BPD body cam delays seen as 'troubling'
Some critics believe the department could launch the program, outfitting all beat cops with cameras, while also studying it and changing practices as needed
By Antonio Planas and Dan Atkinson
BOSTON — Boston police could spend as much as $200,000 to extend their initial six-month study of body cameras for another year, according to a request for proposals seeking bids.
Critics have blasted the department and Mayor Martin J. Walsh for not fully implementing the program, claiming the delay put the issue on the back burner until after the mayoral election.
Walsh’s office released a statement earlier this week announcing the extension of the pilot program, begun last September, by another six months. The request for proposals, however, lays out a full additional year of study. A police spokesman said the testing of cameras by 100 officers would end in September, but the study of data would continue for another six months after that.
Rahsaan Hall with the ACLU of Massachusetts said the ongoing delays in implementation are troubling.
“We’re very concerned that this does not become a trend in further delaying the full implementation of a body-worn camera program,” Hall said. “We appreciate the desire to have good and meaningful data to study. At the same time, roll it out.”
Hall said he believes the department could launch the program, outfitting all beat cops with cameras, while also studying it, then changing practices as needed.
BPD’s request for proposal caps the spending at $200,000. The request was issued Monday and the bid deadline is March 31.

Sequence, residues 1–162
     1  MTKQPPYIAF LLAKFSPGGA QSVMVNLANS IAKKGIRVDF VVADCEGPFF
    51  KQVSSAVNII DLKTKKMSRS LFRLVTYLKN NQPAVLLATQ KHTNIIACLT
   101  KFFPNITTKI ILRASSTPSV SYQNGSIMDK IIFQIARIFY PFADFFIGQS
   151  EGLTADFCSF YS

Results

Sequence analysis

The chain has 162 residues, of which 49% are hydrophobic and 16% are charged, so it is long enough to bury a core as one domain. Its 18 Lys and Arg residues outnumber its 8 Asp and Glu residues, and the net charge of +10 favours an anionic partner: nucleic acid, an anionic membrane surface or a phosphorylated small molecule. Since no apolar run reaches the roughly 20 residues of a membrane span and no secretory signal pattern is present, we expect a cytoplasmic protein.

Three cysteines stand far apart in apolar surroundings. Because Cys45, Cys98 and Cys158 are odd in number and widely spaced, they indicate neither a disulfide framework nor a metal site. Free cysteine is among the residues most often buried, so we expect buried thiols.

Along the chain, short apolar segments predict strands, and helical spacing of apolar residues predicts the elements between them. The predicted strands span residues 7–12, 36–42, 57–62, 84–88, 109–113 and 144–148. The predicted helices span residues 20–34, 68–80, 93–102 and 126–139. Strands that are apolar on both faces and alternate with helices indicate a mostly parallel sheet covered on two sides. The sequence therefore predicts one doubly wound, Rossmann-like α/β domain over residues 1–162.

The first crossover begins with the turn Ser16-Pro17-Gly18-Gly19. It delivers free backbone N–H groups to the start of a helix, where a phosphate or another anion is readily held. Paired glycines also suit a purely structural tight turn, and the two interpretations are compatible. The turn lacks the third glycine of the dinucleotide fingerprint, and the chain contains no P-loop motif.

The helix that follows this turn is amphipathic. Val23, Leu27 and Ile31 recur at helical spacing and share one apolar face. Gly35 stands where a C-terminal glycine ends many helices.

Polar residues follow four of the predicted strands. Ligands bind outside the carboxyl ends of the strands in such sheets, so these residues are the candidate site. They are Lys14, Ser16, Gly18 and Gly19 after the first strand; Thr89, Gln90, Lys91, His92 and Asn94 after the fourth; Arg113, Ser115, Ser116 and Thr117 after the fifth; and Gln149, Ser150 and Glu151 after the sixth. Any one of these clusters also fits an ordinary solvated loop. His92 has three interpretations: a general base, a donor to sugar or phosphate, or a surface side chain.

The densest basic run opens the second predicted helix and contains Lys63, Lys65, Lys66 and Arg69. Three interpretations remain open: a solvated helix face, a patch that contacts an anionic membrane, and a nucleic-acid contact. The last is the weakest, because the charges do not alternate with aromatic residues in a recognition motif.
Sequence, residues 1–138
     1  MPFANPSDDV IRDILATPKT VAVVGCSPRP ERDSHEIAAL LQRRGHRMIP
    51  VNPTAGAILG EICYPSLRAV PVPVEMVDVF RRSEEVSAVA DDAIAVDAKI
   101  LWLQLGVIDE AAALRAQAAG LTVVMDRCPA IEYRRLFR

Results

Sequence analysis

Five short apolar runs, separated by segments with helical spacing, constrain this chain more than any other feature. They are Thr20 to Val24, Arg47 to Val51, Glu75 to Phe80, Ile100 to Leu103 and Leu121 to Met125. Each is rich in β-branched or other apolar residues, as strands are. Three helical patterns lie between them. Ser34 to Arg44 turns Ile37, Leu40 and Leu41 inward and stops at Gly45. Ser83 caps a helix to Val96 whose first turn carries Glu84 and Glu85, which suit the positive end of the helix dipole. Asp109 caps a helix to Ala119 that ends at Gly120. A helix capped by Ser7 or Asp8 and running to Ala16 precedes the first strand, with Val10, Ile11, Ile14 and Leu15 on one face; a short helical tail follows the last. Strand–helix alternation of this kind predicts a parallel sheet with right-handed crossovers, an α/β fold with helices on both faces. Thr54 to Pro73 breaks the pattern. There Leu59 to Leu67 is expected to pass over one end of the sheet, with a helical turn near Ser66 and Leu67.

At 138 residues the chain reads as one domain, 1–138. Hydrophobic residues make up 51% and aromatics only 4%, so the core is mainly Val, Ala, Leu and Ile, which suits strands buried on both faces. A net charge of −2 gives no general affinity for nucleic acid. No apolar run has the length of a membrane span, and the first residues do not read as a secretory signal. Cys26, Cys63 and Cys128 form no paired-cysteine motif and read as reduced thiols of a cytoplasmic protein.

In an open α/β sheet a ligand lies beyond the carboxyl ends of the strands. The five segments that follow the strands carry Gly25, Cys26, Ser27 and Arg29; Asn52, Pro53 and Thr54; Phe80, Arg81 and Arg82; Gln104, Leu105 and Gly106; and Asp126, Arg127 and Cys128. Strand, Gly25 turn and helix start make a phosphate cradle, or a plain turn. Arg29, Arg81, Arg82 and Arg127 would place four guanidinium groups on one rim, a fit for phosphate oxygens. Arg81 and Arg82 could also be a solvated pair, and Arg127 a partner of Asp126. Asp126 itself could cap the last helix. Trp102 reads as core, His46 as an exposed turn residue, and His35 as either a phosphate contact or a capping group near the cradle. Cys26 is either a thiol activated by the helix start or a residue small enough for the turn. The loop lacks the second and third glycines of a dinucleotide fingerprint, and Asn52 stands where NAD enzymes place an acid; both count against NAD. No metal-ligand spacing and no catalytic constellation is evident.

“The purpose of this evaluation is to assist in understanding how body-worn cameras influence the civility of police-citizen interactions, the lawfulness of police work, police officer proactivity and their attitudes towards the technology, and community perceptions. ... The Department is looking to learn if body cameras significantly reduce the number of complaints against police and incidents of police use of force,” the request states. “Funding will be provided for up to one year.”
There are 100 officers from the gang unit and five districts wearing cameras on duty.
Northeastern University researchers are studying BPD’s pilot program.
Police spokesman Lt. Detective Michael McCarthy said in an email yesterday that those researchers “were given short initial funds or have worked pro-bono to help with the design and measurables for our on-going data collection and future analysis. Given our procurement laws, an official bid for research evaluation funding is required.”
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